• Sargent: 49 (17.0%)
  • Wilkins: 30 (10.4%)
  • Lee: 11 (3.8%)
  • Ellmaker: 7 (2.4%)
  • None: 2 (0.7%)
Popular vote
  • Jackson/Van Buren: 701,780 (54.7%)
  • Clay/Sargent: 484,205 (36.9%)
  • Wirt/Ellmaker: 100,715 (7.8%)
Opponent(s)
Martin Van Buren (Democratic)
Amos Ellmaker (Anti-Masonic)

Whig Party tickets (1836–1852)

1836

The Whig Party ran regional candidates in 1836. William H. Harrison and Francis Granger ran in Northern states, while Hugh Lawson White and John Tyler ran in Southern states. Daniel Webster was on the ballot in Massachusetts and Willie Person Mangum received votes from the Electoral College without being on the ballot.

Presidential
nominee
1836 (lost) Vice Presidential
nominee
Northern states:
William Harrison
of OH
(1773–1841)
William Henry Harrison daguerreotype edit.jpg
Prior public experience
Higher education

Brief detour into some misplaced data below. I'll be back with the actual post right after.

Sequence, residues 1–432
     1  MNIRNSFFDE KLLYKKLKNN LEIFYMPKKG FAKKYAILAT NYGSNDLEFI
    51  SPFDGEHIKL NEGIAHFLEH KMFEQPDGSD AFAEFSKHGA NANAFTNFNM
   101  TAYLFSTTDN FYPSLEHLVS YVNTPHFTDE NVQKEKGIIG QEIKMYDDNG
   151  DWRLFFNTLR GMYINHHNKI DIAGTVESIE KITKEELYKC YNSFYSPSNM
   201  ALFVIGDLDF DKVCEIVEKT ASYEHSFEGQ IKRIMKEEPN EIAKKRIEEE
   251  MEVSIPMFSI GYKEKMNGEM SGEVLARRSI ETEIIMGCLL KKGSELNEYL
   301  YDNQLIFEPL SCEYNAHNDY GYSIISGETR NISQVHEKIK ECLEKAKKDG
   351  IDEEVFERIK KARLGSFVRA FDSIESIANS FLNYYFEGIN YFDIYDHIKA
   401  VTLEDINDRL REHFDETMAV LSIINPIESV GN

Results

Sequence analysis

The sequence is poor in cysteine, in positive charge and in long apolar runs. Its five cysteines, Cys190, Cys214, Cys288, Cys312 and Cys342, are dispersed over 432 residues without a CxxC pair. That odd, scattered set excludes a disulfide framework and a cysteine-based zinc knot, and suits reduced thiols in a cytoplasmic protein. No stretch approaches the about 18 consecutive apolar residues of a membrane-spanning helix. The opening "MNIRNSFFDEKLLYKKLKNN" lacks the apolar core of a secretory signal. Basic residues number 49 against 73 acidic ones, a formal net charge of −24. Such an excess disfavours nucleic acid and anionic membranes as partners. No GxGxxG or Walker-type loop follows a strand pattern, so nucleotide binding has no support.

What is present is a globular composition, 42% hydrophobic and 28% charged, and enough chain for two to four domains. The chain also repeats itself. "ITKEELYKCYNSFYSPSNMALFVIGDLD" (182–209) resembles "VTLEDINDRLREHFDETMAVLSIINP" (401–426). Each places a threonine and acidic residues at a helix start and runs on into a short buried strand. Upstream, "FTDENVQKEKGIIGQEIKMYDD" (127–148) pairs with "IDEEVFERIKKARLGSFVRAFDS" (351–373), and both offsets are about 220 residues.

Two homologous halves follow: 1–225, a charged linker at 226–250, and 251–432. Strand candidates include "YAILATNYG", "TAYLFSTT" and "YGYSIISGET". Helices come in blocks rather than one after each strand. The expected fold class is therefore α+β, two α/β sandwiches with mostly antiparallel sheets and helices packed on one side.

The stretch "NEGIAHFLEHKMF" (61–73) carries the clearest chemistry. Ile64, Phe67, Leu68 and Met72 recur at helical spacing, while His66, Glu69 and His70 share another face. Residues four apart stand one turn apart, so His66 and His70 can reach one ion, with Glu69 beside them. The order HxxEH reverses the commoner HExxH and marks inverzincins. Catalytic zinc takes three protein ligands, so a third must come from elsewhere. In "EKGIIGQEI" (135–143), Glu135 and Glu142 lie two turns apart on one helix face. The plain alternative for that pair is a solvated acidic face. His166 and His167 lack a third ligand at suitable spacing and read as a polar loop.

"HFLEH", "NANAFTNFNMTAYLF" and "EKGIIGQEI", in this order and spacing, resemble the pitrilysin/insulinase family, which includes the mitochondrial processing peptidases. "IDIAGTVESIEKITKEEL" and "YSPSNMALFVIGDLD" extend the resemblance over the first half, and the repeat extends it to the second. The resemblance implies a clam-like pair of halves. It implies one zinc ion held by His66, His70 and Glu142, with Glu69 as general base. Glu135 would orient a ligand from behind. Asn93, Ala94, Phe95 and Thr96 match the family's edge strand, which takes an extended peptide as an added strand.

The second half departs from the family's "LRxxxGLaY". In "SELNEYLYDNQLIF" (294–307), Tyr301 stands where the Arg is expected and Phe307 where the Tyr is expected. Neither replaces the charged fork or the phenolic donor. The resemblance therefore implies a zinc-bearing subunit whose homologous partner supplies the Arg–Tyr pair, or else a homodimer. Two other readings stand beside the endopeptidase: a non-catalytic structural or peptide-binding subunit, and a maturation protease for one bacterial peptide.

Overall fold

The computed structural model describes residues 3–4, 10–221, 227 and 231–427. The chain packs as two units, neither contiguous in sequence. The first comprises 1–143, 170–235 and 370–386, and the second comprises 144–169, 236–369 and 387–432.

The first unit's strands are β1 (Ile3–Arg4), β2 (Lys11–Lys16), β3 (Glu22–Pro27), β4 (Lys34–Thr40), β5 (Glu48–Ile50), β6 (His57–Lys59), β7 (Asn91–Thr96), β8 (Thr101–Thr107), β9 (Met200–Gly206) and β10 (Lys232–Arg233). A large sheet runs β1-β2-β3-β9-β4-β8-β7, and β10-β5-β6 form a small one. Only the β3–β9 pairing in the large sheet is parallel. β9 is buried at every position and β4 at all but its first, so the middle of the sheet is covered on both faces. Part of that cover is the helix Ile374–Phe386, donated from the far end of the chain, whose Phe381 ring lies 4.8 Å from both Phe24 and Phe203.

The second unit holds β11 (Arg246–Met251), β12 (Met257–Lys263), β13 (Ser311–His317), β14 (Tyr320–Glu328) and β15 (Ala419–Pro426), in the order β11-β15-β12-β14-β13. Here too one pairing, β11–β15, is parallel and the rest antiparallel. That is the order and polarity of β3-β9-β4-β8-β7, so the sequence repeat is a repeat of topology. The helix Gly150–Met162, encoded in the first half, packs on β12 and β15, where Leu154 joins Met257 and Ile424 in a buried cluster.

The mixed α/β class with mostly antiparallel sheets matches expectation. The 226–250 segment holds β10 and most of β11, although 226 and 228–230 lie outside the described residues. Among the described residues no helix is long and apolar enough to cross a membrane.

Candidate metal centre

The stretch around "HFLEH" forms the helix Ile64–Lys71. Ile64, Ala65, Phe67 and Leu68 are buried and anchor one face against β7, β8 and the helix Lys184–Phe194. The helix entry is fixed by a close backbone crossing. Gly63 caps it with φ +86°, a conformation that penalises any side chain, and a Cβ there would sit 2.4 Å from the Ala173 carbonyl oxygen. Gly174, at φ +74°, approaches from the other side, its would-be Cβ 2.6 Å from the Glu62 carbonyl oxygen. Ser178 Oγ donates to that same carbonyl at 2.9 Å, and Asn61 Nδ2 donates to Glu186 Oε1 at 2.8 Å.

Prior public experience
Higher education
Northern states:
Francis Granger
of NY
(1792–1868)
Francis Granger.jpg
Southern states:
Hugh White
of TN
(1773–1840)
HLWhite.jpg
Prior public experience
Higher education
  • None
Prior public experience
Higher education
Southern states:
John Tyler
of VA
(1790–1862)
John Tyler.png
Opponent(s)
Martin Van Buren (Democratic)
Electoral vote (President)
  • Van Buren: 170 (57.8%)
  • Harrison: 73 (24.8%)
  • White: 26 (8.8%)
  • Webster: 14 (4.8%)
  • Magnum: 11 (3.7%)
Contingent vote (Vice President)
  • Johnson 33 (63.5%)
  • Granger: 16 (30.8%)
  • Blank: 3 (5.8%)
Electoral vote (Vice President)
  • Johnson 147 (50.0%)
  • Granger: 77 (26.2%)
  • Tyler: 47 (16.0%)
  • Smith: 23 (7.8%)
Popular vote
  • Van Buren/Johnson: 764,176 (50.8%)
  • Harrison/Granger: 550,816 (36.6%)
  • White/Tyler: 146,109 (9.7%)
  • Webster/Granger: 41,201 (2.7%)
Opponent(s)
Richard Johnson (Democratic)

1840

Presidential
nominee
1840 (won) Vice Presidential
nominee
William Harrison of OH
(1773–1841)